The Myth of “Expansionary Austerity”

My favorite voice in the wilderness these days is Nobel-prize-winning economist Paul Krugman and his derision of “expansionary austerity,”* which he defines as “the notion that instead of increasing government spending to fight recessions, you should slash spending instead — and that this would lead to faster economic growth.”

He says that Britain, Spain, and Italy are doing worse today than during the Great Depression by the measure of changes in their GDP since the Great Recession began.

“[S]urpasing the track record of the 1930s shouldn’t be a tough challenge.  Haven’t we learned a lot about economic management over the last 80 years?  Yes, we have — but in Britain and elsewhere, the policy elite decided to throw that hard-won knowledge out the window, and rely on ideologically convenient wishful thinking instead.”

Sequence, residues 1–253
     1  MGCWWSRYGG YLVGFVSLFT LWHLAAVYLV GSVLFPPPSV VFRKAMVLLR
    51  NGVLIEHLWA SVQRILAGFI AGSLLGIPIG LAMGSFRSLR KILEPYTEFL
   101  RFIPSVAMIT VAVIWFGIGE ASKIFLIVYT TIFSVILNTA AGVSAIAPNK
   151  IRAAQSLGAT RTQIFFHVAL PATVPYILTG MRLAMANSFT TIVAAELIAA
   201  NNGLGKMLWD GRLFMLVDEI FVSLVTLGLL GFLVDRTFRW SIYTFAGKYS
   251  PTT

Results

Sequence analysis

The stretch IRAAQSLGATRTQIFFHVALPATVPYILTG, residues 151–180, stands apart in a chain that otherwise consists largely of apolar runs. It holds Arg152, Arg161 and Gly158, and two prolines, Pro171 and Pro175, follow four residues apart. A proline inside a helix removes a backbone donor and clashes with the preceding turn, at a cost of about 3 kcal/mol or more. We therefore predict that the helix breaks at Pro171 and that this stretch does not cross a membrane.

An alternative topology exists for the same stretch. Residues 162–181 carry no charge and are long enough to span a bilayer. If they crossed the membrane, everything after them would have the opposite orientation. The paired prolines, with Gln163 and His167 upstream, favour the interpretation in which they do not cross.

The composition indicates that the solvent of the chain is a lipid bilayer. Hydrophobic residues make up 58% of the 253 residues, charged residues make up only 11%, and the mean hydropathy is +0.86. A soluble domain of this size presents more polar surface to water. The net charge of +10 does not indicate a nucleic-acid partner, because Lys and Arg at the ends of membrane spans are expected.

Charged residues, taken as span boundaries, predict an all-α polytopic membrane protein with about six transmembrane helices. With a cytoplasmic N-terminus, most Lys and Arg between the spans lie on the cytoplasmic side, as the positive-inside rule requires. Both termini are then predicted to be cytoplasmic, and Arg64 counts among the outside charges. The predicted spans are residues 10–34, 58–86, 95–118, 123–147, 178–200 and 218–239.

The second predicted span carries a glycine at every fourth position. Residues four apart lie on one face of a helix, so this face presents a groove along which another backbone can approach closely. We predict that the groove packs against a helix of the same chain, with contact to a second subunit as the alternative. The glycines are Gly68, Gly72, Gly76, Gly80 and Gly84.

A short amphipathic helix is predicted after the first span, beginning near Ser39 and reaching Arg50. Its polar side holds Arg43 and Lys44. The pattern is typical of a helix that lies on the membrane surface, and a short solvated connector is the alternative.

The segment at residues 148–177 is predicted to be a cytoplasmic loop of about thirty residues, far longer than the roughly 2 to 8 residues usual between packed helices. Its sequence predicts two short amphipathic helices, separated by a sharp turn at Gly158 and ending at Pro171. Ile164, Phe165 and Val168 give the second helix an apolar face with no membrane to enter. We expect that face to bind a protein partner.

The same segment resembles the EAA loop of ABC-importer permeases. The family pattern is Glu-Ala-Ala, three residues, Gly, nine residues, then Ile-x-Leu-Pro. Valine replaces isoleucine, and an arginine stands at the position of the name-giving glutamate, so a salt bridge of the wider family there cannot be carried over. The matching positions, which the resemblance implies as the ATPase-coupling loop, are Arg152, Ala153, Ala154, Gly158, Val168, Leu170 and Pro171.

Krugman says that because President Obama has refused to “do a Cameron” (in the sense of emulating Prime Minister David Cameron’s austerity in Britain), things aren’t as bad here as they could be.  But he notes that while federal spending hasn’t been slashed, local and state spending has, and that has hurt our overall economy.  Krugman laments, “Without those spending cuts, we might already have been on the road to self-sustaining growth….”

Krugman concludes:

“The infuriating thing about this tragedy is that it was completely unnecessary.  Half a century ago, any economist…could have told you that austerity in the face of depression was a very bad idea.  But policy makers, pundits and, I’m sorry to say, many economists decided, largely for political reasons, to forget what they used to know.  And millions of workers are paying the price for their willful amnesia.”

 

* “The Austerity Debacle,” by Paul Krugman, NYT

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